- Moria – A pivotal part of the story happens in Moria. The company loses Gandalf (*spoiler alert*). Moria is not totally in the clutches of Sauron’s control, but much evil resides there, sharing much of Sauron’s desires.
- The Wraiths – These menaces haunt the much of the beginning of the story. They only appear a few times but haunt over half of the novel. I wanted to portray their presence in the story by making them visually hovering over most of the elements on the cover.
- The Eye of Sauron – Although NOT a character in this story, he is implied. His eye is the ultimate embodiment of evil in Middle Earth. He faintly finishes out the design and provides support to the Wraiths.
I knew I wanted these elements but didn’t know how to position them. For this assignment, I’ve posted a few “progress” pictures.
- I started with an image of an outstretched hand and used the Paint bucket Tool, Cloning Tool, and Spot Heal tool to continue the background (there’s light texture in there).
- I added an overlay image of the ring wraiths. I duplicated them, made them much more opaque and set the Blending Modes to “Soft Light” and “Lighten”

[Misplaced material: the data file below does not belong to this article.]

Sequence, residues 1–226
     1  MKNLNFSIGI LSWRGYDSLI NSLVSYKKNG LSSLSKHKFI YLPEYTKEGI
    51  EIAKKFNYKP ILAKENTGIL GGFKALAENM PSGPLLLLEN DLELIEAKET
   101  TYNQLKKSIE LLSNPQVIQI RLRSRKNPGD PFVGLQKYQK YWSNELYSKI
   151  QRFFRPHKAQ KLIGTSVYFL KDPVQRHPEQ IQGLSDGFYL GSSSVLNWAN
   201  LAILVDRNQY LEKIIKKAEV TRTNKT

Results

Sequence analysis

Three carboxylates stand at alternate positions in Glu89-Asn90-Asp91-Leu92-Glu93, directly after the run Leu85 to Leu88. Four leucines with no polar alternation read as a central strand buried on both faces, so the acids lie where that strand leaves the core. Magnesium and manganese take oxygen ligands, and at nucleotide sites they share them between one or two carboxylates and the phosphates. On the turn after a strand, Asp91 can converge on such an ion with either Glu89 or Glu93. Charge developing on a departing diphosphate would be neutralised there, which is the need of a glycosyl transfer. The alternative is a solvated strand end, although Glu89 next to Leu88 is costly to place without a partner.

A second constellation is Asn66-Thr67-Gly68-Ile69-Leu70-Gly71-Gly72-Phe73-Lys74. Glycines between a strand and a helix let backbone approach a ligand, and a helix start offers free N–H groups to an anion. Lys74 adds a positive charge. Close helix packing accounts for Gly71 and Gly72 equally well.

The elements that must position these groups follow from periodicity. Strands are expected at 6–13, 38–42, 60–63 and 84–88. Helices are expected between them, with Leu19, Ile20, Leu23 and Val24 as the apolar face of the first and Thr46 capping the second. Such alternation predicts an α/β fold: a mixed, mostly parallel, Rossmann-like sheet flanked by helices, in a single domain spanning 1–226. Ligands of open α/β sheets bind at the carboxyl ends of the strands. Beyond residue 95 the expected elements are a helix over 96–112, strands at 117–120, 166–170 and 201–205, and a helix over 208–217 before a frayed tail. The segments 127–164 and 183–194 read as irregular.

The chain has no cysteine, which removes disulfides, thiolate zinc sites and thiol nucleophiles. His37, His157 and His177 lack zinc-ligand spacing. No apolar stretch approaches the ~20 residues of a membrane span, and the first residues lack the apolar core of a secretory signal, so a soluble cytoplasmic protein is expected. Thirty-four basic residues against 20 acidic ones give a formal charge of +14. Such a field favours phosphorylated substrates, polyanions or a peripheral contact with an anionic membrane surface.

- I erased the “black” from the wraith layers so the hand was unaffected
- Added a “fellowship” silhouette. Duplicated it as well and set various blending modes and opacities.
- Added mount “Moria” to the background. I used the eraser tool in many places to clean up everything below the silhouette line. I probably used different selection tools to select the “black” at the bottom.
- Cut out Rivendell from another image and pasted it into the fellowship and the mountain. Changed the blending mode to “Luminosity.”
- Added the Eye of Sauron. Duplicated it. Set one layer to “Luminosity” and the other to “screen”
- Added a noise layer to equalize the different elements… Sometimes when you use a lot of different image sources, you get a LOT of different looks in the same image. Adding noise can add “grit” to the image and make it look a bit more cohesive. I added this via a multiply layer.
- Added a curves layer.
- Added a vintage paper layer (I had on hand from the postcard assignment) and set the blending mode to “Vivid Light.” Again, I erased the hand from this layer
- Added text. I made a Layer style with Emboss, inner shadow, color overlay, and Drop Shadow
- Created a clipping mask of text using a gold foil image and softened the opacity and blended them together.
After I was done with these steps, I found a book mockup and was pleased with my progress. I also tried to add a bit of “gloss” to the ring on this mockup:
What I Didn’t Realize…
I went back and looked at some of the submission requirements. I didn’t realize that I needed a BACK cover as well. So… After much work, I took everything I had created and threw it into another mockup and crafted my different elements. What I was left with was my final submission below: